Snoring Sully Sullenberger

In the AARP Bulletin, of which I am old enough to read, there is a conversation with Sully Sullenberger, the pilot who five years ago safely landed a jet on the Hudson River saving 155 passengers and crew.

Among his many experiences since, Sully was invited to Obama’s first inaugural ball. After being introduced to Obama, the President turned to Sully’s wife and said,”America considers him a hero.”

And Sully’s wife Lorrie said, “Well, the world may think him a hero, but he still snores!”

And that is what makes heroes real.


I didn’t bother to look back at my other posts to see if I have used this heading before. Listening, I think it is the most important contributor to healing our world. I also believe it has to start long before the listening of diplomacy. Listening at a diplomatic level is as essential as an other listening, but at that level the stress is so high that the risk of failure is much greater.

Robert Johnson in his book Owning Your Own Shadow writes, “You can give another person a precious gift if you will allow them to talk without contaminating their speech with your own material.”

Less of us can be a very good thing, but we must remain present.

“Pushed to the Brink of the World”

Jung, writing in Memories, Dreams, Reflections;

I had the feeling that I had pushed to the brink of the world;  what was of burning interest to me was null and void for others, and even a cause for dread.”

What do you think he is talking about?

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For the Sake of Posterity

Posterity From Oxford’s English Dictionary; “All future generations of people collectively, esp. regarded as the beneficiaries of a particular inheritance, tradition, culture, etc. for (also †in) posterity : for (the sake or good of) future generations; for the future.

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Who said that and why? I didn’t know, so I looked it up. You can too. I am betting no one knows the answer on their own, but if you say you did, j’accuse not.

Interesting to me is that, per Fowler’s Modern English Usage, we are correct when we use it generically, as in the accused cashier, or the accused baseball player, but not so when we make the accused specifically guilty of something, as in the accused murderer or the accused bank robber.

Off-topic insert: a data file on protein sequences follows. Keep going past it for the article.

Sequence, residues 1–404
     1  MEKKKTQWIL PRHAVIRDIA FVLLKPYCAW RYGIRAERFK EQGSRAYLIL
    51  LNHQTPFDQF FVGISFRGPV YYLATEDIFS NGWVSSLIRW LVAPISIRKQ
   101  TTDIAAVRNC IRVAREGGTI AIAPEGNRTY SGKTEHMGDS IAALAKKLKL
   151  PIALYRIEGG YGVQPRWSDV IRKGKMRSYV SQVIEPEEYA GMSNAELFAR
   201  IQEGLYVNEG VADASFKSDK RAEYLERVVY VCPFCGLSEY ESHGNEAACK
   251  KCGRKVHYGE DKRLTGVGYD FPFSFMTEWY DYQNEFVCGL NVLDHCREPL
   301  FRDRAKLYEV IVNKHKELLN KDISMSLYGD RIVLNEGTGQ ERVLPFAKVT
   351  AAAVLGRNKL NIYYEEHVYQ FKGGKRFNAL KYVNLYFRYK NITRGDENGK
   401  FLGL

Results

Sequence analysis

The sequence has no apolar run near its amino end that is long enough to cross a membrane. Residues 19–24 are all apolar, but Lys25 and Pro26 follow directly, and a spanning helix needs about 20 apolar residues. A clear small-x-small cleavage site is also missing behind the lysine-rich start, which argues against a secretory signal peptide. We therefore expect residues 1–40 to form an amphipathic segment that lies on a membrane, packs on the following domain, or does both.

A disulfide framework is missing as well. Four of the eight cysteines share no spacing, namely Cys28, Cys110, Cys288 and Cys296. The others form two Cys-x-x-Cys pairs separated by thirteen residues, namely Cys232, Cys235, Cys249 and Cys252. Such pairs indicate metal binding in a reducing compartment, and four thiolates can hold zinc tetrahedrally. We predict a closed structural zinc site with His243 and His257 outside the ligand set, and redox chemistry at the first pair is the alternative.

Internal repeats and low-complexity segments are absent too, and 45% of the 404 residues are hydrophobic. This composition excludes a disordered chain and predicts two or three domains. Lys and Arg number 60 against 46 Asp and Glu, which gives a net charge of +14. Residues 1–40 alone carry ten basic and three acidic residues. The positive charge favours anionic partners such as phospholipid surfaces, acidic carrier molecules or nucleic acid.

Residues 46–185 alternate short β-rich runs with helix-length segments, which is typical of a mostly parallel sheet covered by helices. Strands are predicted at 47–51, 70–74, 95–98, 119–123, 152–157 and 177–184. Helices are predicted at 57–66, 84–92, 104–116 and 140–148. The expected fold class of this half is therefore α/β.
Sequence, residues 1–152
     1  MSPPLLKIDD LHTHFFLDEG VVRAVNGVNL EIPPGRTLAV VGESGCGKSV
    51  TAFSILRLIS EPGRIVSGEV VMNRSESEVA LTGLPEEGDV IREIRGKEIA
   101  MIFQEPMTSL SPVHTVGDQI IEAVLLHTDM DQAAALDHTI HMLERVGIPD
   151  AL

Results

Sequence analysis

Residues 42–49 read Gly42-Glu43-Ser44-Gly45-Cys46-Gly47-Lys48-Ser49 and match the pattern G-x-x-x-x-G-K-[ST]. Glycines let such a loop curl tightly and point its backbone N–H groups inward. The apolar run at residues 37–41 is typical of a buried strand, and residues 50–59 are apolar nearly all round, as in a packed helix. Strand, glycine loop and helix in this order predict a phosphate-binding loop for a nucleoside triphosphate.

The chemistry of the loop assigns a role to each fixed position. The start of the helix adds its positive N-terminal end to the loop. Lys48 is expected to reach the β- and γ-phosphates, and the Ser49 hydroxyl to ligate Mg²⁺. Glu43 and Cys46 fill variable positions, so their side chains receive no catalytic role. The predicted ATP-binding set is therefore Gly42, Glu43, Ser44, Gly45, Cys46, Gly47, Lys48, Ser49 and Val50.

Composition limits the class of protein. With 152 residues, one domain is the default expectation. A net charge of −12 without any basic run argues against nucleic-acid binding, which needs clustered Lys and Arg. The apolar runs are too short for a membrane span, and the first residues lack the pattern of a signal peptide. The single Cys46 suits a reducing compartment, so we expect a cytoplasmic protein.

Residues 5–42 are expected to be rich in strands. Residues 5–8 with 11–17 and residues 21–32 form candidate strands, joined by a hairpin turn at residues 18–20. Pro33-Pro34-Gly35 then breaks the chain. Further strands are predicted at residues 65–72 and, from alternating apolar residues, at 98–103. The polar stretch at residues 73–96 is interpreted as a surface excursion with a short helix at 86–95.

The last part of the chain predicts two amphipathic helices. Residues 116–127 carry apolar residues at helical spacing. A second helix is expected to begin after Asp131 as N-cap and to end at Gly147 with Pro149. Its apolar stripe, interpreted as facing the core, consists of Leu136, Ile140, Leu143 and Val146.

I think our world has learned not to be case specific on its accusations. Newspapers know, and I think most of know too, that we are not accused of a said crime anymore, but rather alleged to have done it.

Politics and Poetry

Until I read David Orr’s Beautiful & Pointless, I never thought of connecting politics to poetry. Historically it was mainstream, but poetry in our society is beyond the fringe.  The most popular type of pundit poetry in our more worldly world is Duck Dynasty. Poet laureates are fading away.

A poet is still present at the Presidential Inauguration, but does anybody listen enough to remember what was said? Was the last poet at an inauguration male or female? Historically poetry was profoundly connected to politics, but who can explain what purpose it served?

In 1821 Percy Bysshe Shelly wrote, “Poets are the unacknowledged legislators of the world.”

The only part of this that must seem relevant to the average person in our society is the word “unacknowledged.” Poetry and politics; a connection replaced by duck whistles and washed out of the common place by mobs of cyber spacers. As such, the politics of poetry has become invisible.

Historically, politicians could hear the poets and most likely wished they would go away. Now it is not worth the energy to protest. Who cares?

Poets have been pushed aside along with meaningful prophets. The new reality is the reality show. Poetry is interesting only when it is couched in the prophecy of the apocalyptic. Fox News and MSNBC are the new free verse.